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RE: Archive as a collection of things

From: Young,Jeff (OR) <jyoung@oclc.org>
Date: Fri, 7 Aug 2015 18:09:43 +0000
To: Giovanni Michetti <michetti@mail.ubc.ca>, Richard Wallis <richard.wallis@dataliberate.com>
CC: Sarah Romkey <sromkey@artefactual.com>, public-architypes <public-architypes@w3.org>
Message-ID: <BLUPR06MB129F1457F4AE2FF242BE7B5AD730@BLUPR06MB129.namprd06.prod.outlook.com>
I think that's it. When Richard asked us to list "properties", I think he was basically asking us to try and ignore "classes" for a little while. What if there was only one type of thing: schema:Thing. My sense is that what makes things identifiable and interesting isn't so much which "type" is assigned. It's how people describe the relationship between individuals. (Assume Whole/Part as a last resort.)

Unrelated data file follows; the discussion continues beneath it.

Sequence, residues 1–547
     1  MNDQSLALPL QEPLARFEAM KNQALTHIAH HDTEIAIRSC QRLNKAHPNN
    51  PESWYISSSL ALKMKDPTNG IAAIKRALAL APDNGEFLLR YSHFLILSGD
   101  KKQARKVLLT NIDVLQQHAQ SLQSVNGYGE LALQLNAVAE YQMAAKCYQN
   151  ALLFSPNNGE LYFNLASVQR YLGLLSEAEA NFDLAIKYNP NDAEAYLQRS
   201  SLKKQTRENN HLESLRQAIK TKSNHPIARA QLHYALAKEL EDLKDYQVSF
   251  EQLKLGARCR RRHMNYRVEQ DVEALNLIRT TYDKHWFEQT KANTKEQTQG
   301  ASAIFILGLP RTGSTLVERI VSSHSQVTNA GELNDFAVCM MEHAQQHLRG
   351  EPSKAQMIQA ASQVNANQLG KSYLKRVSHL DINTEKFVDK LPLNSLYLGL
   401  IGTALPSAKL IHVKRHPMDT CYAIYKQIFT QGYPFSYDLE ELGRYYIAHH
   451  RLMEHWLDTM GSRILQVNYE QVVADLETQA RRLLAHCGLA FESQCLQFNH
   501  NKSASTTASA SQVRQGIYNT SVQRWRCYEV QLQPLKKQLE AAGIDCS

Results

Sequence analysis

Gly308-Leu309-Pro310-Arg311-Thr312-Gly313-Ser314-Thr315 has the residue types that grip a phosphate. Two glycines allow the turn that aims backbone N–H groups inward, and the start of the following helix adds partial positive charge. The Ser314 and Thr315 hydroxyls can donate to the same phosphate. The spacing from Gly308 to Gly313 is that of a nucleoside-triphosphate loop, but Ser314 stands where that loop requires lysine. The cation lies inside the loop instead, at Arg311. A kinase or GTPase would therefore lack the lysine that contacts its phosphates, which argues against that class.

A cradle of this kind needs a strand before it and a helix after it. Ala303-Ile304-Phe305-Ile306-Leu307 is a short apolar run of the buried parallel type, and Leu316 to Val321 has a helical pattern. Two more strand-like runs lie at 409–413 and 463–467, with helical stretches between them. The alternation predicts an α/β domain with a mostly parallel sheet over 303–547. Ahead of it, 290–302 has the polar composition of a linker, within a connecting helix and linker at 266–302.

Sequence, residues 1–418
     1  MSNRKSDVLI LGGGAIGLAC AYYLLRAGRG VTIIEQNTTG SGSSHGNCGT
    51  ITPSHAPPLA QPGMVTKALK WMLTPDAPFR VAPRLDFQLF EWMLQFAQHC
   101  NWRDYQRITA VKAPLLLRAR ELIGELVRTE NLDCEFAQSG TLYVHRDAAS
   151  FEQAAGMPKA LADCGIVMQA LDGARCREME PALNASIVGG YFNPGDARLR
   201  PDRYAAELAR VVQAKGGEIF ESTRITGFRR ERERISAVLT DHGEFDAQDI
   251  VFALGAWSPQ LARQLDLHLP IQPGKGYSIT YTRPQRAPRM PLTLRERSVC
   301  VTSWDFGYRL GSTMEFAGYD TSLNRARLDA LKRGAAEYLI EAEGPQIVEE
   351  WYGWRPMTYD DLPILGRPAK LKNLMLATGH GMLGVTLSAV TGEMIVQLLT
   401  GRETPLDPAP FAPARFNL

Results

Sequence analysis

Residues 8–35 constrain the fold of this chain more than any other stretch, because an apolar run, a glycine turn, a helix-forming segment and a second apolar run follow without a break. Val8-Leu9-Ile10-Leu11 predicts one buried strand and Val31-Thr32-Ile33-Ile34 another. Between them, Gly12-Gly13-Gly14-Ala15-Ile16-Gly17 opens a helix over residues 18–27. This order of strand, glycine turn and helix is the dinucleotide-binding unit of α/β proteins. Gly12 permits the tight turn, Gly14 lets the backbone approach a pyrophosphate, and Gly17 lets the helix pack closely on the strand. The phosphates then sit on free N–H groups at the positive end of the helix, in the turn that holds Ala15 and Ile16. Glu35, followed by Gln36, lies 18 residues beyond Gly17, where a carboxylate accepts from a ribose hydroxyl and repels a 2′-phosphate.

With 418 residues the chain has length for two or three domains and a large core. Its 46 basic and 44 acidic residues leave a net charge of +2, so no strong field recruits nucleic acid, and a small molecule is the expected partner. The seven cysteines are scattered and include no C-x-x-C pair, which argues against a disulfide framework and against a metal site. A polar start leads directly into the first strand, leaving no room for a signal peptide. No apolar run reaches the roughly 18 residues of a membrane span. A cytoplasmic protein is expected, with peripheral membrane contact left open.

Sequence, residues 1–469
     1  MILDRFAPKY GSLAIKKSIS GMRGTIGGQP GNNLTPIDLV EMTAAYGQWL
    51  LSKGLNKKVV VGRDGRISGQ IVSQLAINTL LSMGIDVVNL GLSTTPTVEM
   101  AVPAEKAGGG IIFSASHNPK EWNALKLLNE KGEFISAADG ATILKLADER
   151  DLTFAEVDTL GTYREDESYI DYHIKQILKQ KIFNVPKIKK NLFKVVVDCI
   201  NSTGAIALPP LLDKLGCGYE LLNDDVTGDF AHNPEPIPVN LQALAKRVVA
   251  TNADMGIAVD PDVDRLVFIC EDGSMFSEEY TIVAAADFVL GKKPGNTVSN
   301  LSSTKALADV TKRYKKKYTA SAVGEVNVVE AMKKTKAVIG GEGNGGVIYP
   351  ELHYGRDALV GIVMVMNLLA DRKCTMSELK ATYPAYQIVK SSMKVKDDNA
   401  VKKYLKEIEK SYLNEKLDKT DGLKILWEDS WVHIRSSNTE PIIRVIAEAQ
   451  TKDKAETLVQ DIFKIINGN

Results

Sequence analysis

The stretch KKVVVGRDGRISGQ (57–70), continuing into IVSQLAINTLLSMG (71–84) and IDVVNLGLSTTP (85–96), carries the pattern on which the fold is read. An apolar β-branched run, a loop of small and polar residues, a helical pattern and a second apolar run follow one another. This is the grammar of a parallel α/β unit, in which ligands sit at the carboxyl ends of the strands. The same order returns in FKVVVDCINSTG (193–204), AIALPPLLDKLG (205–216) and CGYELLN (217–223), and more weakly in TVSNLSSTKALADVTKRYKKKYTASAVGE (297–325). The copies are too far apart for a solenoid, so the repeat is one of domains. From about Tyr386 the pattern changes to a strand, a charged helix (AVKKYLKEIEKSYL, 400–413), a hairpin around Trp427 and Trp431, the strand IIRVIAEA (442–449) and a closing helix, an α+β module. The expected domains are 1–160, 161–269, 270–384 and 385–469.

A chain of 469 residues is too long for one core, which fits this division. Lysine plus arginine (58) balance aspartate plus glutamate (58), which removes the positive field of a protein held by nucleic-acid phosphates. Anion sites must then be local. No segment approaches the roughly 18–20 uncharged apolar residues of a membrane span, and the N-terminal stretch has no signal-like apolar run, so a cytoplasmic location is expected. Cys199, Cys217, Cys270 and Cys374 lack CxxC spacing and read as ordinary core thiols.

[I'm not claiming this is how archivists do think or should think. It's just that Linked Data is different from other types of data because of the properties that related discrete individuals, not the classes or complex structures that are typical of siloed data.]

Richard can correct me if I'm reading too much into his tea leaves. ;-)

Jeff

> -----Original Message-----
> From: Giovanni Michetti [mailto:michetti@mail.ubc.ca]
> Sent: Friday, August 07, 2015 1:29 PM
> To: Young,Jeff (OR); Richard Wallis
> Cc: Sarah Romkey; public-architypes
> Subject: Re: Archive as a collection of things
> 
> Jeff,
> 
> of course I agree, Events and Actions may help describing what happens to
> archival objects. However, I think you highlighted a relevant point here.